The draft Representation of the People (Proxy Vote Applications) (Coronavirus) Regulations 2021 will temporarily change the eligibility criteria for emergency proxy applications, so that electors who are self-isolating because of coronavirus on election day have an additional option to vote remotely. The provisions in the SI will also allow those with an existing proxy to change the person acting as their proxy if their original proxy is affected by coronavirus.

The last opportunity to make a routine proxy application is at 5 o’clock, six working days before election day. After that deadline, the only other option to create a new absent voting arrangement is to apply for an emergency proxy vote. Under current regulations, there are strict eligibility criteria for emergency proxy applications, which, as I shall outline, are not optimal during this pandemic. Usually, emergency proxy applications on medical grounds are required to be attested by a medical professional. Not everyone will be able to seek such attestation; an example is those who become symptomatic too late to take a test. The SI will remove that requirement for those affected by covid, and removing the requirement for attestation will also avoid putting more pressure on already busy medical professionals.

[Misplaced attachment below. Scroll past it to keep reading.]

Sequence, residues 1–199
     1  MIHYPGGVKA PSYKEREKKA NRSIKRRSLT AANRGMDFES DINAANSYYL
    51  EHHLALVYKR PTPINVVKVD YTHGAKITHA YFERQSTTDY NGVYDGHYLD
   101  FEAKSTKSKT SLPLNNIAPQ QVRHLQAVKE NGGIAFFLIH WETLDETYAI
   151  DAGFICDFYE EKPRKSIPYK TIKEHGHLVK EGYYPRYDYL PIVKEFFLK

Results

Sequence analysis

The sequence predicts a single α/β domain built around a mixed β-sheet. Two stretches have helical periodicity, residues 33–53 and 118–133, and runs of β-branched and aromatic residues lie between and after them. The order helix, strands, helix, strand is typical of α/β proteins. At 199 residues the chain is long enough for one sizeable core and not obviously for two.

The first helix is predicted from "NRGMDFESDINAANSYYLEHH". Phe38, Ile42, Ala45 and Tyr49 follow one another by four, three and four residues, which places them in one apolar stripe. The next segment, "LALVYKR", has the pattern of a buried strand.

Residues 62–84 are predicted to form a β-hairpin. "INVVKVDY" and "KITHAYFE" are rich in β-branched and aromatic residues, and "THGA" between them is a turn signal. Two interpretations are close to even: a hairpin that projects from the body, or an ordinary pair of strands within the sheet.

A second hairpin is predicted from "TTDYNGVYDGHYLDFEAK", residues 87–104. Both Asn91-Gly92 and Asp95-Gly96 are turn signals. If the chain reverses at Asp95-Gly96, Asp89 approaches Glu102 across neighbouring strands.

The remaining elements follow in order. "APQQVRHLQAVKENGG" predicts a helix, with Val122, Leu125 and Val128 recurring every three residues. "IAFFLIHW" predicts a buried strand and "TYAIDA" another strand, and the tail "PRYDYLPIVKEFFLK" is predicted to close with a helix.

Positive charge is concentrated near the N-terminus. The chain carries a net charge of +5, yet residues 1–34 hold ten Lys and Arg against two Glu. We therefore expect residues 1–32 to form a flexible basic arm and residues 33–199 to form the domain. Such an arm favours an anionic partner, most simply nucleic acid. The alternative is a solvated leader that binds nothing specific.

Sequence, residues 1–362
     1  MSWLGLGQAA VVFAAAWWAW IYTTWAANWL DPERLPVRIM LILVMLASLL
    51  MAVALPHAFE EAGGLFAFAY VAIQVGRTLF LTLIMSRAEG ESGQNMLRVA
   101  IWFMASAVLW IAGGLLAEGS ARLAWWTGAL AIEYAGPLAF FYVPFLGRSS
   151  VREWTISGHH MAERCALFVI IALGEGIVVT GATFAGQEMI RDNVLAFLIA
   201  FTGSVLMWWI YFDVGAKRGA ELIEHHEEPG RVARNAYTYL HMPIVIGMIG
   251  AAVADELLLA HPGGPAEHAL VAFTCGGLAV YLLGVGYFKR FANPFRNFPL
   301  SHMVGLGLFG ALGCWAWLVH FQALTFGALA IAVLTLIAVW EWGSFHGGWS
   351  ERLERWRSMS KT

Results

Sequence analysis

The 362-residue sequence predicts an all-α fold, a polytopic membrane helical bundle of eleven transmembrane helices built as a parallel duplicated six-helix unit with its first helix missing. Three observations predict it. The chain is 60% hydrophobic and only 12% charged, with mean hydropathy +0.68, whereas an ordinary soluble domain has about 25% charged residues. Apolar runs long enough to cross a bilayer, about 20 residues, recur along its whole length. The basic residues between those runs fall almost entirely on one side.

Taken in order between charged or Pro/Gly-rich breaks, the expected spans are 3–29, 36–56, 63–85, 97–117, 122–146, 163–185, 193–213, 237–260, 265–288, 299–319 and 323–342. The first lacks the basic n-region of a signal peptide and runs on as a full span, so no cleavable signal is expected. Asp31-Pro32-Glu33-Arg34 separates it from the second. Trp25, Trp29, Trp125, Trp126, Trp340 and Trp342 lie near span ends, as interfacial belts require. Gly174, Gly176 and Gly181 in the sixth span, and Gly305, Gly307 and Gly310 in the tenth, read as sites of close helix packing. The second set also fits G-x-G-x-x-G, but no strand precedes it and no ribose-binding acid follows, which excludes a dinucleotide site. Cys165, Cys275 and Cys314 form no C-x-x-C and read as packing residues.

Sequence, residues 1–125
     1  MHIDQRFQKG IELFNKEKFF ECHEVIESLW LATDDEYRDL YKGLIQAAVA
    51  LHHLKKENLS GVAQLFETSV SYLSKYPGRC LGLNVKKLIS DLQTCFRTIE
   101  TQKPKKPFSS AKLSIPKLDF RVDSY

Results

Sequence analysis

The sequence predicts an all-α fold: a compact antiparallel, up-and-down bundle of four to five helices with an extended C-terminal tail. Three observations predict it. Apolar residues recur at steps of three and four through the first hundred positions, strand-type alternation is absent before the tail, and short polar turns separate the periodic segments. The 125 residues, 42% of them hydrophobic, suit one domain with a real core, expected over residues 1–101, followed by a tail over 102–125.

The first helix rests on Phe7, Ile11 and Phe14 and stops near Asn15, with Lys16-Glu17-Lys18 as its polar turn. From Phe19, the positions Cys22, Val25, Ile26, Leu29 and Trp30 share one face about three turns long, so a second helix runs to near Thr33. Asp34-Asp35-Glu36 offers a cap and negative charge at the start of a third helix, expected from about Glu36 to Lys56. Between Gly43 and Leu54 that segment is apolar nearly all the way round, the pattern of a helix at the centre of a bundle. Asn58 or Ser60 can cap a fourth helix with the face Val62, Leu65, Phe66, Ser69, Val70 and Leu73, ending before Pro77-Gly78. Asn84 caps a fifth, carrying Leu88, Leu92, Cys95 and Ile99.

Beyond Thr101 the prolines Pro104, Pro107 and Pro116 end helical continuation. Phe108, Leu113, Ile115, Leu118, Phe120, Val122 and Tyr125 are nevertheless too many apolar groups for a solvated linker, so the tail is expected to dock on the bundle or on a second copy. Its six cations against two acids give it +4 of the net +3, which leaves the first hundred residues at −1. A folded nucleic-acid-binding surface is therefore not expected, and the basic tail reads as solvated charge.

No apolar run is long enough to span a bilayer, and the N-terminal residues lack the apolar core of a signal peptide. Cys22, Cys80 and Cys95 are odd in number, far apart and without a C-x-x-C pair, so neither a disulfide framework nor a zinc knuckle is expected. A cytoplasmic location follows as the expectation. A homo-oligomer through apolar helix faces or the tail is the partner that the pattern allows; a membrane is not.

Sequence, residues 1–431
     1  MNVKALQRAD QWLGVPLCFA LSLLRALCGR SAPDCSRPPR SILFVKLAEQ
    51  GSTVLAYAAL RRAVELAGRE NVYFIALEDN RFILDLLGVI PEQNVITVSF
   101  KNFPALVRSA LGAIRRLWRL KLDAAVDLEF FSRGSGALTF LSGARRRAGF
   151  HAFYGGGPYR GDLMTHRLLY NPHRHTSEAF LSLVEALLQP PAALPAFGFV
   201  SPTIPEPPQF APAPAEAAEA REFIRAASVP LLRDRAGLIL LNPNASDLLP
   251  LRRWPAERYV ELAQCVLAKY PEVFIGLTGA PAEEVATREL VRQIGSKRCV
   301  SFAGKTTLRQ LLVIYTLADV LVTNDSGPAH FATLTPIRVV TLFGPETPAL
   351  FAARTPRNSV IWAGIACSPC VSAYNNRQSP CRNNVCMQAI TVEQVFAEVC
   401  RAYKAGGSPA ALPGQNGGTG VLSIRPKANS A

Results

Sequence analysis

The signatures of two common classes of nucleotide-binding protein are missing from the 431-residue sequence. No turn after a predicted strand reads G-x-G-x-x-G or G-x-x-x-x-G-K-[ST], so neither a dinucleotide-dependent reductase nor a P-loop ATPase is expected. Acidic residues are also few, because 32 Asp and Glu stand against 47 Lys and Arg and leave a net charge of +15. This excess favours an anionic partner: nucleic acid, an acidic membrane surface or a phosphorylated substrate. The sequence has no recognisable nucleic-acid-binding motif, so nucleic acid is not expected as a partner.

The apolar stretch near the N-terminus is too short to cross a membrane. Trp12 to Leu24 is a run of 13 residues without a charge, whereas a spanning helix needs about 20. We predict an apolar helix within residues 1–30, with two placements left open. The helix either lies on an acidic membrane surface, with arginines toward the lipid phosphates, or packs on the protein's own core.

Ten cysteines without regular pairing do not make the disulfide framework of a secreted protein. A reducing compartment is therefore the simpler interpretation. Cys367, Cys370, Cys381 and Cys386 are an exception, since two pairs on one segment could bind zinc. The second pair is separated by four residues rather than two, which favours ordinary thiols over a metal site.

Under current provisions for emergency proxy applications, applicants are not eligible if they were aware of their change in circumstances when they could still have made a routine proxy application—for example, if they broke their leg two weeks before polling day and could no longer walk to the polling station, but did not apply for a proxy vote before the six-working-days deadline. If someone contracted covid in the days before the usual proxy deadline and did not apply for a routine proxy on time, that could lead to infectious persons being ineligible for any absent voting arrangement. Furthermore, if an elector were informed that a member of their household had tested positive for coronavirus, but they were unable to evidence that they also had the virus then, under current regulations, the elector would be ineligible to apply for an emergency proxy vote even though they ought to remain at home.